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Compilation of surprises

The book `Chintala Jagdish: Unmasked' offers a rich and captivating assemblage for the eye


IMAGINE: IF only we had the ability to conceal emotions the face would have been one monotonous frame of inanimate expression for a lifetime. Happiness, guilt, anger, sadness, jealousy or even giddy-headedness wouldn't have been understood as we understand these faculties today. In fact, emotions are outlets that purge the human psyche and act as cathartic exercises that answer the complexities of the inner self.

Yet, civilised society demands the human mind to mask the very nature of emotional life. Indeed, it is important to be detached from emotions but before such an objectivity is processed it would be pertinent to understand emotions before conditioning oneself to camouflaging this inexplicable rhythm of the human face.

The flamboyantly designed Chintala Jagdish: Unmasked, an engaging flip book of masks and quotes, produced by Gallerie Publishers, acknowledges the absorbing nature of Jagdish's contemporary masks.

Designed, compiled and edited by Bina Sarkar Ellias, the book is a stylish documentation of the sculptor's masks. Here the concept is sagaciously divided to complement the colourful artifices with the quotes of a range of globally celebrated personalities.

While Jagdish's masks are attractive and humorous by themselves, the accompanying text provides yet another dimension to the image. For instance, in the first section, which is a reasonable plaster of intellectual wit, the American comedian, George Burns' (1896-1996) statement, is an apt sprinkling of sincerity and sarcasm. It reads: Too bad that all the people who really know how to run the country are busy driving taxi cabs and cutting hair.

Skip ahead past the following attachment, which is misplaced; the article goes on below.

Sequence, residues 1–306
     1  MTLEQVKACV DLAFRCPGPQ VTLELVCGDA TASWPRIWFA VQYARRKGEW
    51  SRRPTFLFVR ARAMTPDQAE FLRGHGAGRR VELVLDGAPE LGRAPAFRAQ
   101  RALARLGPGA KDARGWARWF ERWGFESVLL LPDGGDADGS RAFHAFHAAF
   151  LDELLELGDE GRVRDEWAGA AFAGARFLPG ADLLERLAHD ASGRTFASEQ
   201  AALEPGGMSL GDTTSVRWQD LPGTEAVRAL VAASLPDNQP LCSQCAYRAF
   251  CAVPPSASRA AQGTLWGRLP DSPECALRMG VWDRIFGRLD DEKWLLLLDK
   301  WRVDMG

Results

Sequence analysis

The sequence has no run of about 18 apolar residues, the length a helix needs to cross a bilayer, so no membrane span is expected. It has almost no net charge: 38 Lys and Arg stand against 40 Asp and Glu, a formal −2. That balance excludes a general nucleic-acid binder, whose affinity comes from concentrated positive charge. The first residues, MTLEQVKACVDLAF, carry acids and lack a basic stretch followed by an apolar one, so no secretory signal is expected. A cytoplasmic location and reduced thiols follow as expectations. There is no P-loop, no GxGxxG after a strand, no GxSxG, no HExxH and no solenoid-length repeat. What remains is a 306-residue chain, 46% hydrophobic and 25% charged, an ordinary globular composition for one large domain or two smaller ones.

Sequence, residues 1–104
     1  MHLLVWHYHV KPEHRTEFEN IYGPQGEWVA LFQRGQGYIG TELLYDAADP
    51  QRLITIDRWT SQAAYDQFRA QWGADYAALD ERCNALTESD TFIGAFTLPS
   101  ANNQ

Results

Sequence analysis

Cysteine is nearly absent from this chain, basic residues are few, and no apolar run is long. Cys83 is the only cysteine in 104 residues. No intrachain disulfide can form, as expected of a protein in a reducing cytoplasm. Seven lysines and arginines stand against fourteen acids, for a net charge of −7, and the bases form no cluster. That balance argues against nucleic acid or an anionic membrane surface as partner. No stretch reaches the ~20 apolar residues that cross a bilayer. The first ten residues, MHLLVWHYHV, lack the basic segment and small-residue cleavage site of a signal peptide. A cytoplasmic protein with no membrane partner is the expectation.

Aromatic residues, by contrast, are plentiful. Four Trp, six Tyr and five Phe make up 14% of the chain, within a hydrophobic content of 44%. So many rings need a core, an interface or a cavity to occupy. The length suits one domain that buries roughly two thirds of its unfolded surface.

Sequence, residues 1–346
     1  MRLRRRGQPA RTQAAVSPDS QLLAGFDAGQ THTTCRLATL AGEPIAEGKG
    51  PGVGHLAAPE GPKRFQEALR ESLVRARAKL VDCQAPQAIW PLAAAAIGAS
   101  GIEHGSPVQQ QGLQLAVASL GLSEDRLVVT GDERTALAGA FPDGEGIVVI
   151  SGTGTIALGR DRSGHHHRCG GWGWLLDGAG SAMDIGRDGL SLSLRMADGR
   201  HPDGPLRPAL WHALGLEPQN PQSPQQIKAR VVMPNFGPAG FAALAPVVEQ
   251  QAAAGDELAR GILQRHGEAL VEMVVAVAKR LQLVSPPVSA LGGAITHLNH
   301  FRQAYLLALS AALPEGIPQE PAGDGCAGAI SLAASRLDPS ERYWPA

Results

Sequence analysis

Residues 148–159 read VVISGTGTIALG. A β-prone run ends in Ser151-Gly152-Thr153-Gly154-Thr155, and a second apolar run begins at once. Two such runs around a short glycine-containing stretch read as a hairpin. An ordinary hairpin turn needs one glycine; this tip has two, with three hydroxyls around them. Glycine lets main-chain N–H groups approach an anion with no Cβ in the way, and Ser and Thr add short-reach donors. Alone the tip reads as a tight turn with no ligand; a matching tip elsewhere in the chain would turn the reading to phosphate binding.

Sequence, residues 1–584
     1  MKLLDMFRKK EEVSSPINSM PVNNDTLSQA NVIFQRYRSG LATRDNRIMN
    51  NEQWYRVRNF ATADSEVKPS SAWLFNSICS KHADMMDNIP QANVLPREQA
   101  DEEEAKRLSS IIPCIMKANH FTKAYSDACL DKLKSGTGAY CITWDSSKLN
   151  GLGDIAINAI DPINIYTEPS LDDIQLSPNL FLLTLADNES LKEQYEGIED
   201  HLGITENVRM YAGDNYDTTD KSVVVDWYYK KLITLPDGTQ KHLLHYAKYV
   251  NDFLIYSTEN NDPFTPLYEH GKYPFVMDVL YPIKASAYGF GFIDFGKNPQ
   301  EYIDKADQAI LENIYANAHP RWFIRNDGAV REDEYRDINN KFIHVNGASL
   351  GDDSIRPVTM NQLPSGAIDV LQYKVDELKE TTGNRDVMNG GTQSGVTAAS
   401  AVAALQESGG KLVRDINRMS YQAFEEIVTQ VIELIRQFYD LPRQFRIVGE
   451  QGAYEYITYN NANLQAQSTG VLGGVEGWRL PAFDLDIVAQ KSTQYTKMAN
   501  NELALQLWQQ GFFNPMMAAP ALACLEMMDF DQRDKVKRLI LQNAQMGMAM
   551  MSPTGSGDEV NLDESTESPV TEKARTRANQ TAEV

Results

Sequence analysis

On pages 28-29, American filmmaker and actor Woody Allen (1935), is boldly splashed on the flashy lime yellow art paper sans a mask, which goes as `I'm astounded by people who want to know the universe when it's hard enough to find your way around Chinatown'.

The bizarre, bold and beautiful masks of Jagdish are brilliantly marshalled by Ellias. Playing around with the scale of the masks, she has a knack of teasing the eye with her page layouts.

The book is a compilation of small and big surprises; sometimes a group of masks are organised in the economy format but then the very next page spells luxury. Combining the sculptor's Indian, western and sometimes absolutely contemporary masks, Chintala Jagdish: Unmasked offers rich and captivating assemblages for the eye. Supported with a text by Ranjit Hoskote, the book fuses art, text and design into one.

Chintala Jagdish: Unmasked, Rs. 800/-, Studio Gallery, G-3, Buckingham, Amrutha Valley, Road No. 12, Banjara Hills, Tel: 23323108.

ATIYA AMJAD

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